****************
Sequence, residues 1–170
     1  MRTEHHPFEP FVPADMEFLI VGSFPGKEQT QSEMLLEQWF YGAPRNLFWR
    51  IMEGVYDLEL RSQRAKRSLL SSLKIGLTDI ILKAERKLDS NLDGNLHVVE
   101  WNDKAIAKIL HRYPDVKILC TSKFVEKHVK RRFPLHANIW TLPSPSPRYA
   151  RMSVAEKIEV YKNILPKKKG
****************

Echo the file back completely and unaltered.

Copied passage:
Sequence, residues 1–170
     1  MRTEHHPFEP FVPADMEFLI VGSFPGKEQT QSEMLLEQWF YGAPRNLFWR
    51  IMEGVYDLEL RSQRAKRSLL SSLKIGLTDI ILKAERKLDS NLDGNLHVVE
   101  WNDKAIAKIL HRYPDVKILC TSKFVEKHVK RRFPLHANIW TLPSPSPRYA
   151  RMSVAEKIEV YKNILPKKKG